Nor is slavery the only social issue that Uncle Tom’s Cabin touches upon, or the South the only part of the US that is implicitly criticized—Legree himself is a Northerner by birth. St. Clare’s Northern cousin, Ophelia, is an abolitionist, but she displays overt racist attitudes against Black people (which was not uncommon even among abolitionists at the time). Earlier on, Stowe shows us that Emily Shelby, Eliza’s initial mistress, is horrified by her husband’s decision to sell Eliza’s son, but powerless to stop it, since all their property legally belongs to him.

This is not to say that Stowe’s work is beyond reproach. Her style has drawn criticism for sentimentality, and also for entrenching certain stereotypes about slaves and about Black people in general. Objections to the melodrama seem to be at least partly snobbish or subjective; melodramas win an audience for a reason. However, the harmful effects of stereotypes are not so easy to dismiss. The “tragic mulatto,” embodied in Cassy, is a useful example: presumed to be in perpetual anguish over not fitting into either white society or the Black underclass, sometimes framed as a sex object, even used as a way to “humanize” Blacks to a white audience by presenting a character with lighter skin! Stereotypes like this did (and, some argue, still do) damage the Black community even after the Civil War, partly by affording justification for Jim Crow laws. The “tragic mulatto” did a good job of evoking pity; but pity is not respect, and some of Stowe’s own characters highlight the difference between having warm feelings for a person and doing justice to them. The depiction of Tom himself has been much criticized; many readers perceive him as too eager to please his white masters, too accepting of cruelty, too ready to forgive. Even if this is a bad reading of the character, it is worthwhile to ask ourselves why a bad reading should be so prevalent, and whether it is prompted by an ugly truth that may or may not attach to Stowe’s work but does, perhaps, attach to something in American culture.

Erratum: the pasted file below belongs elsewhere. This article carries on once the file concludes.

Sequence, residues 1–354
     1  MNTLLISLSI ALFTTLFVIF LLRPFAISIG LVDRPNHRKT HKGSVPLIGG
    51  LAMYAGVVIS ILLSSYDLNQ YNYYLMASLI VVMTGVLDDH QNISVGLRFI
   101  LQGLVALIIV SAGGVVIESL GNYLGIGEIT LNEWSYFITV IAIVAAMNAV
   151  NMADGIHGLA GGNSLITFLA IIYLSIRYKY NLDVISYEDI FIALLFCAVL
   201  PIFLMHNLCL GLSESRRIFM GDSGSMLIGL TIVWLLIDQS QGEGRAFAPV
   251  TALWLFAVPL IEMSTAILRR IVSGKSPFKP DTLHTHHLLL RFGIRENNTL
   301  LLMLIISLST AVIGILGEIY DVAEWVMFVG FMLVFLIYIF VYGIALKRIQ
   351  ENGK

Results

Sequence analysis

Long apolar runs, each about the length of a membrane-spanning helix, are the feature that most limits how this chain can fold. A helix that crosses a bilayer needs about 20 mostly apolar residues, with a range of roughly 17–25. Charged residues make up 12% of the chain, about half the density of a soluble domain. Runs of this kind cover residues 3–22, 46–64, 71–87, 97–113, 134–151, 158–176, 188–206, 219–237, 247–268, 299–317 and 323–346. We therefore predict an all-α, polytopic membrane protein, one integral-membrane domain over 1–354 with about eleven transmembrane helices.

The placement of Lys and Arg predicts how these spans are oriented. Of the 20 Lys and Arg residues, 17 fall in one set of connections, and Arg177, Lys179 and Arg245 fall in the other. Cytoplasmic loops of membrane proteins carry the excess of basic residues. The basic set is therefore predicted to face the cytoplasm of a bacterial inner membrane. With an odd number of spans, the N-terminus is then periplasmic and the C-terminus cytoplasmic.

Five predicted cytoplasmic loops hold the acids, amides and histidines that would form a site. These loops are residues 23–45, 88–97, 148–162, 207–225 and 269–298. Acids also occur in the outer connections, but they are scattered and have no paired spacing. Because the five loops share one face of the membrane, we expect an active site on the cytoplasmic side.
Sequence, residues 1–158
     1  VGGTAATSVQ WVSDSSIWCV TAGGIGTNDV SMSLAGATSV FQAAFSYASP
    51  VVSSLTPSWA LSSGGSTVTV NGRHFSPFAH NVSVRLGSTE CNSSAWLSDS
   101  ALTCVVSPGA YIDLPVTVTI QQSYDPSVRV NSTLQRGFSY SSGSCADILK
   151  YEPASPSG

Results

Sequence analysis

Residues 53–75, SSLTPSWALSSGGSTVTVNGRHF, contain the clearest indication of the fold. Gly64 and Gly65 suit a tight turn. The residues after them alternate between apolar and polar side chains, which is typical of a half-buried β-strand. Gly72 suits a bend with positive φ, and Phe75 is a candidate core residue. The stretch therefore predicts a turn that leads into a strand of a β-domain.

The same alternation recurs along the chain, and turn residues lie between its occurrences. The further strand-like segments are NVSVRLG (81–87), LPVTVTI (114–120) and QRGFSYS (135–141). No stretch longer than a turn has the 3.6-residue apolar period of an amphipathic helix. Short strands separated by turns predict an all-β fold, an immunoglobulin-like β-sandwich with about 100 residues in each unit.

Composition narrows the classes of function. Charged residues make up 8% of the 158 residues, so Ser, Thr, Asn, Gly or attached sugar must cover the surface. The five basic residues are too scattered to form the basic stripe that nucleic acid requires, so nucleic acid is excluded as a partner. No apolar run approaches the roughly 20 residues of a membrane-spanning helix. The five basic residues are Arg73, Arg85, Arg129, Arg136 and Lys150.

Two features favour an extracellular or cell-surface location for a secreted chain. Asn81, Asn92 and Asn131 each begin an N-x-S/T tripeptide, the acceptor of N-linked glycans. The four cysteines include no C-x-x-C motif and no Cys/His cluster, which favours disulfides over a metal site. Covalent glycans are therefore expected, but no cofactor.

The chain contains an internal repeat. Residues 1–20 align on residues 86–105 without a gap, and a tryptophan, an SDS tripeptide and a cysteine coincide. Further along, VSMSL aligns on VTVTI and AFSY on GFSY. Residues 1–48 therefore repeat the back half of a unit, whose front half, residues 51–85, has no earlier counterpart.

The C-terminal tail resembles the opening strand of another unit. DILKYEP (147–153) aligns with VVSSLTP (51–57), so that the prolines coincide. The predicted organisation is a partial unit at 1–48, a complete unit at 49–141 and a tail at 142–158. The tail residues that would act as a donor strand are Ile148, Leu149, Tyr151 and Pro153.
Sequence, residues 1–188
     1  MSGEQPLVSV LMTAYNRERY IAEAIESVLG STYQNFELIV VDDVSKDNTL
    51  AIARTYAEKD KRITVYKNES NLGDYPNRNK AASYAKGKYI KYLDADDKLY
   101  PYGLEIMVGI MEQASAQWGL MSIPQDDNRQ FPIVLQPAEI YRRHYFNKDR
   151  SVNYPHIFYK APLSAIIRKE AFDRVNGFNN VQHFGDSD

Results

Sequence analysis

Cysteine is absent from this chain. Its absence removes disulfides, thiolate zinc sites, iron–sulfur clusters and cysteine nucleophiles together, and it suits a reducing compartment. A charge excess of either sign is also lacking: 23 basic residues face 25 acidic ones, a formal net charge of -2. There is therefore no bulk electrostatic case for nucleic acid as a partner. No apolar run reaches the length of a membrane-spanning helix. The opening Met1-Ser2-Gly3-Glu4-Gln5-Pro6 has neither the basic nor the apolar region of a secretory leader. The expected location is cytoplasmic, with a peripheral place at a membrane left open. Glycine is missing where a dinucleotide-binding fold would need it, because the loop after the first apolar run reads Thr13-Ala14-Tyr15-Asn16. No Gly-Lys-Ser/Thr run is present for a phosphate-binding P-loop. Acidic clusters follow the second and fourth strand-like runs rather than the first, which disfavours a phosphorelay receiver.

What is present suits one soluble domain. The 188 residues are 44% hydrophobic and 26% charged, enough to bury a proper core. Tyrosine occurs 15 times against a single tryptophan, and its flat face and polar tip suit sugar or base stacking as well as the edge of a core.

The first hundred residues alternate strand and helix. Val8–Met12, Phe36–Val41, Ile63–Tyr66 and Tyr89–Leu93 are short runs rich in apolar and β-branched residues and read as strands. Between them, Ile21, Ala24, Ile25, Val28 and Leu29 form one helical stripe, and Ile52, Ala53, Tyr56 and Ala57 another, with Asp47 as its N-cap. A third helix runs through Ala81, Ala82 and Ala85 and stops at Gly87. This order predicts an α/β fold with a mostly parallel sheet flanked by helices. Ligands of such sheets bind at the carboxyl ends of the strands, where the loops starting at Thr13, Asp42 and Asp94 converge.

Nonetheless, valid criticisms should never blind us to the value of any work, and Uncle Tom’s Cabin did not outrage slave-masters for nothing. Stowe’s unsparing depiction of the plantation system, and her refusal to exculpate the North, really did help to arouse the conscience of the nation. The book serves as a reminder that, though never without flaws of its own, literature can be a powerful force for the growth of the human spirit, both for individuals and for whole societies.


Every week, we publish a profile of one of the figures from the CLT author bank. For an introduction to classic authors, see our guest post from Keith Nix, founder of the Veritas School in Richmond, VA.

If you enjoyed this piece, take a look at some of our other posts here at the journal, like these author profiles of TertullianSt. Thomas à Kempis, or James Baldwin; you might also enjoy this three-part series from Dr. Anika Prather on the history of the great books in Black education. And be sure to check out our podcast, Anchored.

Published on 15th February, 2021.

Note: This author was included in a previous version of the Author Bank, but is not present on the current edition (though passages from his work may still appear on CLT exams). A discussion of the latest revisions to the Bank, courtesy of Dr. Angel Adams Parham, can be found here.